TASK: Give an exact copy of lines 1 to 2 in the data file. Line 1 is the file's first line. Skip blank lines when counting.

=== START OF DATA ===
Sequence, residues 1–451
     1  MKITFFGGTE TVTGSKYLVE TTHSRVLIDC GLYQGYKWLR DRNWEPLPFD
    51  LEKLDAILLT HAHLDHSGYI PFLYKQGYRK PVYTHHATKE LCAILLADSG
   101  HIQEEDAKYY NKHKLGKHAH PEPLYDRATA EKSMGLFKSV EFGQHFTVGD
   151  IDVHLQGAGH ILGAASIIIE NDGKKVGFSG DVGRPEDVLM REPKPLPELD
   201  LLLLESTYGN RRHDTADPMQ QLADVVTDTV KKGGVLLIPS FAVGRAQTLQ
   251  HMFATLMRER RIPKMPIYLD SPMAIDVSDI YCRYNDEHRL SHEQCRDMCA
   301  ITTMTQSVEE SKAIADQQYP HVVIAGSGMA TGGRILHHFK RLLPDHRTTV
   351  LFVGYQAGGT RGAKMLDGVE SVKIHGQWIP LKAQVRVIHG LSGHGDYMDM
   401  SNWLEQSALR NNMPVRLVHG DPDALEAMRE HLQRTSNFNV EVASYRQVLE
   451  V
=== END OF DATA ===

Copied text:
Sequence, residues 1–451
     1  MKITFFGGTE TVTGSKYLVE TTHSRVLIDC GLYQGYKWLR DRNWEPLPFD